Is anybody else puzzled about why you have to break the yarn before starting the heal? I just started the heal w/out breaking the yarn and it looks fine and doesn't seem to affect the fit of the sock or how it looks.
I didn't break the yarn at that point either. I think the reason she did that was so you could start the heel flap on a certain side (RS or WS), but if you know how socks are constructed, modifying that little bit wasn't a big deal.
She has a color called Violet's Pink Ribbon, and part of the proceeds of those sales go to Violet, of Lime and Violet, a podcaster wrassling with breast cancer herself. I knit up a pair of Monkeys with it and it's very nice stuff. She has some plain pink, too, if that's more your flavor. Her yarn is affordable, and you get a TON of it. I probably have enough left over to knit another pair.
Figure out how many stitches wide and rows tall you have available on the hat for the image. For example, the hat may be 76 stitches around, but do you really want the image to be stretched all around the hat? Probably not. Figure out how you want it to look.
Find a clear, black and white image of the 4, and chart it up on the graph paper, within the boundaries you have decided upon.
One more thing, the hat is worked in the round, so depending on how the logo is going to be placed, fair isle might not be the best solution for the color work. Might want to use duplicate stitch instead.
I have started to do some yoga, and I actually thought it may hurt my wrists, since you place so much weight on them for a long period of time.
You know, I had the same fears about pilates, but somehow, it helps. To get a really educated medical answer you'd have to talk to a doctor, but I think it may have something to do with strengthening muscles in your arm and wrist that we don't regularly use in our day to day lives. Just my two cents I'm glad to hear I'm not the only one with wrist troubles, too!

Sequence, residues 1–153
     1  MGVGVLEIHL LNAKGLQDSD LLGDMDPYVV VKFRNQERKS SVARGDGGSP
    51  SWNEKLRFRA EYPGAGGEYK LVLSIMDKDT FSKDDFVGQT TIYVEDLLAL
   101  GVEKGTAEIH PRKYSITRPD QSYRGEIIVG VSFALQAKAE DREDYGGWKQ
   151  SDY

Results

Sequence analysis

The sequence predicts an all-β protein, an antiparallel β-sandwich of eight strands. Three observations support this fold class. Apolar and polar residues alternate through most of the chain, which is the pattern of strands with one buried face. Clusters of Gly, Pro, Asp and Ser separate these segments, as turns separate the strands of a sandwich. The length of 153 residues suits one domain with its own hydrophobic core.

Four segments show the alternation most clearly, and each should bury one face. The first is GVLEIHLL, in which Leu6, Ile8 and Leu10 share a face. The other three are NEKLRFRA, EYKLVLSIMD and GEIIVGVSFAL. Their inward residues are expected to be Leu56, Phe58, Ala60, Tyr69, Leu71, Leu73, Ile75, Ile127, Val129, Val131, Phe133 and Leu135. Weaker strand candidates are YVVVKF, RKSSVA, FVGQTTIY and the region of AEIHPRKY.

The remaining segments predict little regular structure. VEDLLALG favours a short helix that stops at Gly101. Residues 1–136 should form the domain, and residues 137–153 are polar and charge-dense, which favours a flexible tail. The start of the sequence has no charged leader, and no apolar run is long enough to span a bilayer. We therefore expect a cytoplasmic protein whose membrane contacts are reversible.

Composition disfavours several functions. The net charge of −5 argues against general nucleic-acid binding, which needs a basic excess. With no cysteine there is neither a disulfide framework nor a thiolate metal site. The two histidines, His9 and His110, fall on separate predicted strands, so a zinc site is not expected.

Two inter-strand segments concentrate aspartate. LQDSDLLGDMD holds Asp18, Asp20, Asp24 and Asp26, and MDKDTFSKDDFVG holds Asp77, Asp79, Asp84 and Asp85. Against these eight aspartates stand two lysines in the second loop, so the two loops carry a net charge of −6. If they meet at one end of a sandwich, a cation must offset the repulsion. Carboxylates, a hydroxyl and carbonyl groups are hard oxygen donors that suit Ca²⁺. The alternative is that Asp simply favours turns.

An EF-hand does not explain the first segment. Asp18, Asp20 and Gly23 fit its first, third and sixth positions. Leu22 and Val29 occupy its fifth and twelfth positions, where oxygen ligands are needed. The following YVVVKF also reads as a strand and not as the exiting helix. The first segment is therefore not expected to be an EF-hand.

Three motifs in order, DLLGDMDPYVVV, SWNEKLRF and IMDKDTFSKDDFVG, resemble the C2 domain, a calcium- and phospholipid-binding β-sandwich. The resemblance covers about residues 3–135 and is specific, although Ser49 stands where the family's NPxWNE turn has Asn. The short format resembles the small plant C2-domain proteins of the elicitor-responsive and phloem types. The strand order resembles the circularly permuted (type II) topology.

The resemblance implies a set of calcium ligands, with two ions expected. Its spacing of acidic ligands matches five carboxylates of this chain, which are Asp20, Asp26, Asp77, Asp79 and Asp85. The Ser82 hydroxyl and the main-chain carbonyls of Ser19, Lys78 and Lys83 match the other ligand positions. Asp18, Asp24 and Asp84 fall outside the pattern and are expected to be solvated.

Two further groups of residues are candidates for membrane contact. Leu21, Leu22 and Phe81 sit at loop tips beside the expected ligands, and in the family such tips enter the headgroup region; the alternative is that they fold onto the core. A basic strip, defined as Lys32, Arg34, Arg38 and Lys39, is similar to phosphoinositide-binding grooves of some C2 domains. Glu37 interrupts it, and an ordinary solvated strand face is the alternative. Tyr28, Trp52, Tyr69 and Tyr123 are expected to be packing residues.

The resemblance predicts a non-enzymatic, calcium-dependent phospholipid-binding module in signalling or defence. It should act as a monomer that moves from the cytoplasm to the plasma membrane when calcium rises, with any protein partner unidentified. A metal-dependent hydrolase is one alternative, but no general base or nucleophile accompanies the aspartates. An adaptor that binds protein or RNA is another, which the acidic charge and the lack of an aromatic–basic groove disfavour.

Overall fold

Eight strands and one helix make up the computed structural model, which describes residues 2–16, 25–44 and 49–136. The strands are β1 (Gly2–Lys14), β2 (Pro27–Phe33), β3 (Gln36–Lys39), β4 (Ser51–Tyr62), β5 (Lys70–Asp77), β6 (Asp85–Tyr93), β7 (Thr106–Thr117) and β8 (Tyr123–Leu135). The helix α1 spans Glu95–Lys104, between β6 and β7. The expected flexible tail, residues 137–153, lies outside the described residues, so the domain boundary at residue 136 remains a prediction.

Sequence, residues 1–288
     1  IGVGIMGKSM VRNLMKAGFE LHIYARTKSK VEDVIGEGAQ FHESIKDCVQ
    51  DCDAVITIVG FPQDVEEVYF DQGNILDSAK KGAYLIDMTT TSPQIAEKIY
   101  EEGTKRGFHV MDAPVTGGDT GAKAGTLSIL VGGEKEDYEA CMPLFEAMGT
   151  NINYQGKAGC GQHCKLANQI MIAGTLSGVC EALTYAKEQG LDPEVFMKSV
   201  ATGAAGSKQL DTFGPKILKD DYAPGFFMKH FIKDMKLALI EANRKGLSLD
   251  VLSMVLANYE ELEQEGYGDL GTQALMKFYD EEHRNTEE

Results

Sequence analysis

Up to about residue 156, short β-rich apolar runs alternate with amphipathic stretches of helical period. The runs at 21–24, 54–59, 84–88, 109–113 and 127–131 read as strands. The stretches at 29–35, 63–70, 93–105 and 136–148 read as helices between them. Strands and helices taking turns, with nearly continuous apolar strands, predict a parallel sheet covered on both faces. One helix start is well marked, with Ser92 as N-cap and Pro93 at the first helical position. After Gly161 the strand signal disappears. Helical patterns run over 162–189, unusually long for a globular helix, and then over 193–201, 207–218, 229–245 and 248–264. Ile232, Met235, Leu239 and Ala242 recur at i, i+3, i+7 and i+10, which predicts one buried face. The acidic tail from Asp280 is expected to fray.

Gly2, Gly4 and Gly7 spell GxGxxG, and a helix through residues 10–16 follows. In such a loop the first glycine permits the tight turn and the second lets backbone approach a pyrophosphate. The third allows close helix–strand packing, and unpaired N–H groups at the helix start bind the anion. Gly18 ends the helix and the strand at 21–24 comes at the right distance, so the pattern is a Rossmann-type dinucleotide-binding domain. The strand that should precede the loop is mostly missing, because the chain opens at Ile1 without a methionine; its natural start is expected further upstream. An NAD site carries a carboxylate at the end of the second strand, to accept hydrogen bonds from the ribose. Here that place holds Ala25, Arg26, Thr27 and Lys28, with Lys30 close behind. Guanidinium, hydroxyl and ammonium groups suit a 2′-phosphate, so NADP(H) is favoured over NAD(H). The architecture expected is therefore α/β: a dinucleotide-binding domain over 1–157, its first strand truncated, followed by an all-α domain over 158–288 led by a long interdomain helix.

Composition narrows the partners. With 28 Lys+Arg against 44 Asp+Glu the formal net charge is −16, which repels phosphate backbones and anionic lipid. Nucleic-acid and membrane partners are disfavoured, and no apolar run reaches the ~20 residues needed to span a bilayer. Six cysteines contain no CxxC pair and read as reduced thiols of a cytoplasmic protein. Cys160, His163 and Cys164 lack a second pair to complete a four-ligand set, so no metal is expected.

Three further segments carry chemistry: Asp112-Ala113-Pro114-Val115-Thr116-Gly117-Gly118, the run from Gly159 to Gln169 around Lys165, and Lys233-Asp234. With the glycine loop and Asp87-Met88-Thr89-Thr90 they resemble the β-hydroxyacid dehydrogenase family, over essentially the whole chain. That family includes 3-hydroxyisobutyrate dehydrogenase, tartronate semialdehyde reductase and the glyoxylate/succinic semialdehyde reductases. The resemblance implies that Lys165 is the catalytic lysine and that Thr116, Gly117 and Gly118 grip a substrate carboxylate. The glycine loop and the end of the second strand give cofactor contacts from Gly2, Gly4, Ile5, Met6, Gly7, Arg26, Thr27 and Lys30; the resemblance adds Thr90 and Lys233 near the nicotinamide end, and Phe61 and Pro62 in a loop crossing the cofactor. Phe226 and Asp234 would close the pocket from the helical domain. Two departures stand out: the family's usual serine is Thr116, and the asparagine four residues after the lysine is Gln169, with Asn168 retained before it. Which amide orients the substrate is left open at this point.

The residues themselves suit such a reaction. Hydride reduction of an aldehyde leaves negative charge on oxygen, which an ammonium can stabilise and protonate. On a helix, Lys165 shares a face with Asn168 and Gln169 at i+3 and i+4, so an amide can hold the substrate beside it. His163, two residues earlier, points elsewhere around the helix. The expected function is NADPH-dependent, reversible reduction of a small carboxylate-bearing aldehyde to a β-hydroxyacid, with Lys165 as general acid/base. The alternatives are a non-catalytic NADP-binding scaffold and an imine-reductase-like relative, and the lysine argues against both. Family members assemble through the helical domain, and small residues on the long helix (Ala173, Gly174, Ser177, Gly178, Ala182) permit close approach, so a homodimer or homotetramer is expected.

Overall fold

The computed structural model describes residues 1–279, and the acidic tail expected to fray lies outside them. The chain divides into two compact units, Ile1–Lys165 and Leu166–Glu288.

I'd believe that yoga helps, as I credit pilates with helping my wrists stay strong, and the two are kind of similar. I get a repetitive stress injury in my right wrist from time to time, and it usually means I have to lay off knitting for a few days while it heals. Lately it's been pretty quiet, which I attribute to three things:
1. Pilates 2. Wrist support at my computer (one of those foam rubber supporter things to rest my wrists on for mousing or keying) 3. Switching over to continental style knitting
Remember that lots of things can weaken your wrists or put stress on them, and take steps to keep them strong and supported.
I know when I design, I sometimes get really bogged down in the calculations and "figuring out" part, which can be sort of a turn off to the whole business. That's why I recommend you jump right in, once you have your starting point, and go from there. Figure out your guage, what needles you want to use, and your hip and waist measurements, and cast on. The best way to learn how to do something is often just to DO it, and if you make mistakes, figure out why they are mistakes, and learn how to fix them. Oh, and make sure you take notes so you remember what you did. I am very much for doing your research and reading up on a subject before embarking, but don't forget it's just knitting, so have fun! You can always rip back, and making another tank top, once you perfect the first one, is a great excuse to buy more yarn
I love the Breeze socks. I've never knit socks mostly because I'm afraid to and because I never really felt a pull towards socks in general. But these? They're lovely!
In your most educated and fabulous opinions: 1) is this pattern suitable for a first sock knitting experience? and 2) I noticed that they're knit out of 100% cotton yarn. Are they going to be saggy/slouchy? I'm planning on subbing the yarn for another mercerized cotton that I have in my stash and want to avoid slouchy-ness.
I think you could definitely do these. Socks really aren't all that hard--and once you do one pair, you understand how they work. I think these would be a great first pair of socks, because they'll go quickly, but all the "tricky" bits are still there, so you'll get a good lesson in sockery. I was wondering about the cotton too. I've never made any cotton socks, so I can't speak from experience. I know that some cotton sock yarns contain more elastic fibers, which prevents them from being too saggy. I say go for it. Since these socks don't have legs, there's not much to slouch.